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Curing Alcoholism With Moths? The MDMA study shows promise



MDMA is known for its popularity in the rave and music festival scene, but doctors are testing whether the powerful empathy drug can cure alcohol addiction. The preliminary results of the first such study appear to show promising results.

According to the Guardian, doctors in Bristol are testing whether multiple doses of MDMA, colloquially known as Molly, combined with psychotherapy, can help people overcome alcohol addiction more effectively than traditional treatments. Only one patient who completed the study trial recurred, which is above the average level for treatment of alcoholism. In England, on average, eight out of 10 relapses within three years of traditional therapy.

"We have one person who has completely recurred, back to previous drinking levels, we have five people who are completely dry and we have four or five who have drunk one or two drinks but would not be diagnosed with a disorder of alcohol use, ”Dr. Ben Cessa, an addiction psychiatrist and senior fellow at Imperial College London, told the Guardian. "With the best medical science can do, 80% of people drink within three years of alcohol detox."

Sessa said this may be partly due to the ability of MDMA to exacerbate a patient's fear response. This is useful because it can allow a person to recall childhood trauma without being too scared.

The next phase of the study will continue the study to prove that MDMA combined with psychotherapy can be a resource for the treatment of alcoholism. Using a randomized control group, some patients will receive placebo instead of MDMA.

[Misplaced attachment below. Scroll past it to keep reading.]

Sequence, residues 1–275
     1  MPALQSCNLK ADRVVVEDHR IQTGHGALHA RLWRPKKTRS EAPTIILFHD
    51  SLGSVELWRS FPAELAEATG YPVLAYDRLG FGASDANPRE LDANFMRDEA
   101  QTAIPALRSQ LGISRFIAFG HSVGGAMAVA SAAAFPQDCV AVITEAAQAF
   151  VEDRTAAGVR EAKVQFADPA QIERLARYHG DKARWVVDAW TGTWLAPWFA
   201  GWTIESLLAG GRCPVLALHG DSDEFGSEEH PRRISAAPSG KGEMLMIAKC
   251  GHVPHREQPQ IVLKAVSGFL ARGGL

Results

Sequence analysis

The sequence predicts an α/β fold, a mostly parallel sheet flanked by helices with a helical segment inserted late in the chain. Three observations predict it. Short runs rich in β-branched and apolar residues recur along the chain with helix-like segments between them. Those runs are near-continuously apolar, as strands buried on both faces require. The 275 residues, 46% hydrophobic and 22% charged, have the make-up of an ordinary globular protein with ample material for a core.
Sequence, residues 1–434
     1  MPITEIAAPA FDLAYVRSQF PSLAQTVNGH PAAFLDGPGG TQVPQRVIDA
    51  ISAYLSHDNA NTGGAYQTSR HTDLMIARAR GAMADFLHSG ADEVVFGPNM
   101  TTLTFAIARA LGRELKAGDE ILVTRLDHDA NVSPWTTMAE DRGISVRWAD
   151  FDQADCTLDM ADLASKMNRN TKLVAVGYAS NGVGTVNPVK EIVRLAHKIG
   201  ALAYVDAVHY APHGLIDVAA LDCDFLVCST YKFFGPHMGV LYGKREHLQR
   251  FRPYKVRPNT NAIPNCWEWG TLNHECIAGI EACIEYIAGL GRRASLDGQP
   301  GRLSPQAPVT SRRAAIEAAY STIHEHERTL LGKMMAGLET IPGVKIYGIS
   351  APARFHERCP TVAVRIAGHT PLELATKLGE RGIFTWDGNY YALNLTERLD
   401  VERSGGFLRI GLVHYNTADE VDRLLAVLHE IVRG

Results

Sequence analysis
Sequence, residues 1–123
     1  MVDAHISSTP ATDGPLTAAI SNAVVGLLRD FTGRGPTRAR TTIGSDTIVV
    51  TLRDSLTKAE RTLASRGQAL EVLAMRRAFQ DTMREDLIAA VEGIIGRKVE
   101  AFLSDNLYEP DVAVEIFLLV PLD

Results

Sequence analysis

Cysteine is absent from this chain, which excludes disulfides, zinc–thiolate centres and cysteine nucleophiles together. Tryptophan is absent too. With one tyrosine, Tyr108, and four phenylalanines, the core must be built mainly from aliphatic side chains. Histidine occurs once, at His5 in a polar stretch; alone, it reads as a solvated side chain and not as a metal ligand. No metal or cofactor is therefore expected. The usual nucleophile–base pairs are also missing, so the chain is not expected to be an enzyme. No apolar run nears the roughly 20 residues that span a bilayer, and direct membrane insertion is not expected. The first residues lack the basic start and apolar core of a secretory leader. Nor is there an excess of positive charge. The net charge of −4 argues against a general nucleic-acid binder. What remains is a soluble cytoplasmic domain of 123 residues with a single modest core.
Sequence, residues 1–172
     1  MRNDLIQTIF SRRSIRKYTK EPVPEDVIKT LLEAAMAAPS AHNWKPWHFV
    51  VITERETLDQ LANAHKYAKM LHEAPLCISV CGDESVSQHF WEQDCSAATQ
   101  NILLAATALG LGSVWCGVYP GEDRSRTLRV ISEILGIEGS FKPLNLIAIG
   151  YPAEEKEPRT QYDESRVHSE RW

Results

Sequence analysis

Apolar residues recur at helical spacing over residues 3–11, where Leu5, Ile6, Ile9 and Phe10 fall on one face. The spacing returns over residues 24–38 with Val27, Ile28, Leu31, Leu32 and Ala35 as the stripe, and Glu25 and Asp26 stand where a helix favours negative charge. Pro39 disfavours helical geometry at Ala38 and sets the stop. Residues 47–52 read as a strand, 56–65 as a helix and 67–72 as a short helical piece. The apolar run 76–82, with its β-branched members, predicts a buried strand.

For the trial, patients received medical and psychological tests, followed by an eight-week course of psychotherapy. At three and six weeks, they were given MDMA at a hospital with both a psychiatrist and a psychologist present. These sessions take about eight hours, with participants mostly lying around, wearing eye shadows and headphones.

"We leave them to lead the sessions where they want to go. What is coming up is coming up, so it's not very clinician-led, "Sessa says.

After the session, patients stay overnight and make phone calls once a day for the following week to collect data on sleep, mood and potential suicide risk.

"There is no black Monday, blue Tuesday or whatever the ravers call it. In my opinion, this is an artifact of delight. It's not about MDMA, "Sessa said." If there was a craze for people to go around abusing cancer chemotherapy drugs, then you wouldn't think, "Oh well, it's not safe to take cancer chemotherapy when your doctors give it to you."

Sessa added, "Scientists know it's not dangerous. The Sun newspaper thinks it's dangerous because the small number of deaths that occur each year appear on its front page."

MDMA began to return to medicine as of late. From 1

977 to 1985, experienced therapists in the United States tested the drug during psychotherapy sessions. Books like How to Change Our Minds by Michael Polan intensify public interest in the creative and therapeutic benefits that psychedelics have to offer.

There are a number of studies in support of the use of MDMA in therapeutic settings, especially around the effectiveness of the treatment of post-traumatic stress disorder (PTSD). For example, a study published in the British journal The Lancet Psychiatry in 2018 found that after two sessions of psychotherapy with MDMA, a majority of 26 veterans and first responders with chronic PTSD noticed a decrease in symptoms.

MDMA research is often prohibitive, especially in the United States, which has legal restrictions on MDMA medical research. MDMA is a Schedule 1 drug from 1986 in the United States, although there is a wave of interest in declassifying it for therapeutic reasons. Recently, nonprofit groups such as the Multidisciplinary Association for Psychedelic Research (MAPS) have been lobbying for a change in its legal status.


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